Issue 3: The arc taken brings your hand and the ball towards the first base side (for a righty) when reaching back. An arc to the side your body places unnecessary forces on your shoulder and elbow. The ball should be hidden behind your body so the hitter cannot see it. One method to correct this is to stand with your back against a wall and simulate the throwing motion without hitting the wall.
Issue 4: The “Inverted W.” It is a result of leading with your elbows instead of the ball as your hands break (from the glove). Your shoulders shrug and the ball hangs below looking like an inverted W. A few MLB players with an inverted W are: Strasburg, Prior, Reyes. In our opinion, the “Inverted W” should NOT be taught! The mechanics are incorrect, lead to injury, and have no place in youth throwing. Using this technique, you may throw harder for a short period of time, but you are much more likely to become injured. Throwing with an inverted W places the elbow in a poor position almost always above the shoulder and disrupts the normal timing of pitching. The scapula (shoulder blade) muscles do not stabilize the shoulder optimally and as a result there is often an increase in force on the elbow and shoulder. To fix this, seek an instructor who truly understands throwing and injuries.
Issue 5: Weight must stay on your back leg throughout the stride phase, which allows your hip/glutes to produce the power needed to throw. Getting power from your hips saves your arm and may increase velocity3.
The acceleration phase begins just as the shoulder begins to move forward from the early cocking position and ends at ball release. Common pitfalls during this phase include moving the head towards the first base side (for a righty) instead of moving it directly towards home plate, which leads to poor control. Secondly, your glove hand should be under control and should end up at your chest or your hip; it should not be flung wildly behind your body. Lastly, your knee should remain bent throughout this phase.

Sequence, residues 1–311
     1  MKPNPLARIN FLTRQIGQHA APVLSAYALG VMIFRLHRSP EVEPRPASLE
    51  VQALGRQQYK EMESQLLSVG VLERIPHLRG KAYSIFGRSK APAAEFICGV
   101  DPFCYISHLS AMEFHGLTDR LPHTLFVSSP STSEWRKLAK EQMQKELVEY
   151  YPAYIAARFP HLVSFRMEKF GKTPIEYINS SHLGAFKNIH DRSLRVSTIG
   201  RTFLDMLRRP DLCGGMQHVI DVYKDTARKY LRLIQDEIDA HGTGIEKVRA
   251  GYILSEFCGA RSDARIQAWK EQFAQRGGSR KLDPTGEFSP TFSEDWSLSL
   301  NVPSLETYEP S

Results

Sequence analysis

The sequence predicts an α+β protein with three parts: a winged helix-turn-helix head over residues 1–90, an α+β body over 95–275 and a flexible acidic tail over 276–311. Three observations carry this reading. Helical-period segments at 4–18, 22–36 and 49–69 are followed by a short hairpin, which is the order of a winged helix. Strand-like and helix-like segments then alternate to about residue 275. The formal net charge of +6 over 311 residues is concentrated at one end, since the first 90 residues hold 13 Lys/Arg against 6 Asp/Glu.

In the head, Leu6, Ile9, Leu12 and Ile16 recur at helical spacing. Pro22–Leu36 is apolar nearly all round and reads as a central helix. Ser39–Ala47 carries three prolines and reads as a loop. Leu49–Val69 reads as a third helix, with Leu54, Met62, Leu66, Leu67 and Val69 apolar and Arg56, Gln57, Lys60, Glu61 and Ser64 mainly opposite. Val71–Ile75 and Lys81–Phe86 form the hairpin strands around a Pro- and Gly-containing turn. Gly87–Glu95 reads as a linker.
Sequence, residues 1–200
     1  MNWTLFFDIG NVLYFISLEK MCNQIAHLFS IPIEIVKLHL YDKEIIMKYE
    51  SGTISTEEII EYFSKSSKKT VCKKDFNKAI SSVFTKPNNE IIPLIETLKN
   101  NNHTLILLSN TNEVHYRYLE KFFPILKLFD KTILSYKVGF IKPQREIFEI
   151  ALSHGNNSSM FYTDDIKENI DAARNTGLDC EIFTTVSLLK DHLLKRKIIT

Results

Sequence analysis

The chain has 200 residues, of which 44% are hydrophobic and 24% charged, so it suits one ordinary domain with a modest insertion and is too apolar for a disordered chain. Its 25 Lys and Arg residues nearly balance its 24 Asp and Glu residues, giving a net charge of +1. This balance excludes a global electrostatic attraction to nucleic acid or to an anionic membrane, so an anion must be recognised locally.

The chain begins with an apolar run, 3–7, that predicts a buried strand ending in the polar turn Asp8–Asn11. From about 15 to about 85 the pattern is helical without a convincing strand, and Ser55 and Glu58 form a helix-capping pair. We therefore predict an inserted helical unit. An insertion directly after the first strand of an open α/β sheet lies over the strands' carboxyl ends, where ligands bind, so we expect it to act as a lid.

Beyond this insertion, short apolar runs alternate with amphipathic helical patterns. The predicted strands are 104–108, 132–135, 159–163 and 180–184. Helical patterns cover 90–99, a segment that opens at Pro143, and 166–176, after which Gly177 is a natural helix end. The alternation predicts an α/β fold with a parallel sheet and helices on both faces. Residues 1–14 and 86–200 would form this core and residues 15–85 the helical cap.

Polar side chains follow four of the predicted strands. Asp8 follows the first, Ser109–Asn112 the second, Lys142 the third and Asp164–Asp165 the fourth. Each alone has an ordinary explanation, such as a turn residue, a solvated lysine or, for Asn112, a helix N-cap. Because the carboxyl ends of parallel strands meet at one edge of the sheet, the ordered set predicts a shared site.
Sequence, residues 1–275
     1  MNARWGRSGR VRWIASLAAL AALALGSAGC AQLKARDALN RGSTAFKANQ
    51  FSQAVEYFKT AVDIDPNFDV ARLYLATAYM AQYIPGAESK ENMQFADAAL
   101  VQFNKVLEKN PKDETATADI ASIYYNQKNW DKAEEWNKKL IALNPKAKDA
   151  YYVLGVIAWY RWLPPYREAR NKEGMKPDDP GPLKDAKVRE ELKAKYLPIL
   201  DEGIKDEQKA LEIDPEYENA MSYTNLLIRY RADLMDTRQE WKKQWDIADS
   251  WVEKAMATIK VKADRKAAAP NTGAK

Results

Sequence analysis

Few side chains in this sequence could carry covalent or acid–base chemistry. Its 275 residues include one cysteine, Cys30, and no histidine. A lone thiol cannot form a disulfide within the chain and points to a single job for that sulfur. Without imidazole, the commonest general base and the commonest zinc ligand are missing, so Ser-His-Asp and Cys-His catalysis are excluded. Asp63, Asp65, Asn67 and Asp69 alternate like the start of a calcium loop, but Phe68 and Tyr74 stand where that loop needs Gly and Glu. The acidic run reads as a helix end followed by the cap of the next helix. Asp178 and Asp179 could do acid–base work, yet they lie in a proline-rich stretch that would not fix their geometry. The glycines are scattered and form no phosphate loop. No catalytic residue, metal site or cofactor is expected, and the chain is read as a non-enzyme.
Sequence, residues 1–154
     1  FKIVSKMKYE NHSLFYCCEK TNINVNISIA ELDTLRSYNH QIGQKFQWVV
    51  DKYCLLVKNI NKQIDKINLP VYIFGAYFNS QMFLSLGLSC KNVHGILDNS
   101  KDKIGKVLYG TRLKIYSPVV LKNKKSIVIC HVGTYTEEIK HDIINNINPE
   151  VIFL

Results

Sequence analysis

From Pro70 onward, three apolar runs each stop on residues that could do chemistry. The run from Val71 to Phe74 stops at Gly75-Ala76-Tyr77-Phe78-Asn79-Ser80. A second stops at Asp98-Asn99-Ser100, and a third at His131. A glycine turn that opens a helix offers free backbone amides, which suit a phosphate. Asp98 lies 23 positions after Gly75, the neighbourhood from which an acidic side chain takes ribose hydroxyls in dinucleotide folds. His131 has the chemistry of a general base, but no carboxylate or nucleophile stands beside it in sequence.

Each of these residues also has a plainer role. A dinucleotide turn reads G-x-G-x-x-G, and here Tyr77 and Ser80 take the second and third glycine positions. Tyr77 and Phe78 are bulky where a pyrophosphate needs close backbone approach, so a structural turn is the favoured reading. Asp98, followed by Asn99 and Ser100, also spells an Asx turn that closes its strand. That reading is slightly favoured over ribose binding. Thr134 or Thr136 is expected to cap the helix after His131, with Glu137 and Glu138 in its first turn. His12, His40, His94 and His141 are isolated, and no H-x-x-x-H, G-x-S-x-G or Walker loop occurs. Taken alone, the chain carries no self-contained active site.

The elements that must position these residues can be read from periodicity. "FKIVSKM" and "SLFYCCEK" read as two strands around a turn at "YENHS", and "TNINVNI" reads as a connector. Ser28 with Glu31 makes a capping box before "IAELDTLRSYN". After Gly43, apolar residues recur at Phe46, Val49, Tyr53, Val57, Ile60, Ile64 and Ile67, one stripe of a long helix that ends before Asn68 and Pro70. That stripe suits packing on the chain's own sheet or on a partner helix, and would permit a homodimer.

Deceleration and follow through are both very important and occur once the ball is released. These phases are responsible for gradually slowing the body and arm down. A proper follow through has the throwing arm finishing outside of the front foot with a back leg kick that comes off of the ground. This dissipates the forces by using the entire body. A poor follow through is one that occurs too fast or one that moves to the side instead of towards home plate. At no time should the back leg be anchored or dragging behind your body.
Having perfect mechanics is nearly impossible; however using the best possible mechanics will decrease your risk of injury and allow you to utilize your whole body optimally when pitching.
Mark Miller, ATC is a partner with Symetrix Sports Performance specializing in mechanics, injury prevention, and sports performance for baseball players. He has also worked as a clinical athletic trainer for 10 years rehabilitating athletes of all ages and has worked as a Division 1 football athletic trainer with NC State.
1) Flesig G, Barrentine S, Zheng N, et al. Kinematic and kinetic comparison of baseball pitching among various levels of development. J of Biomech. 1999:32,1371-1375.
2) Pappas A, Zawacki R, Sullivan T. Biomechanics of baseball pitching. A preliminary report. Amer J of Spts Med. 1985:13,216-222.
3) Werner S, Suri M, Guido J. Relationships between ball velocity and throwing mechanics in collegiate baseball pitchers. J Shoulder Elbow Surg. 2008:17,905-908.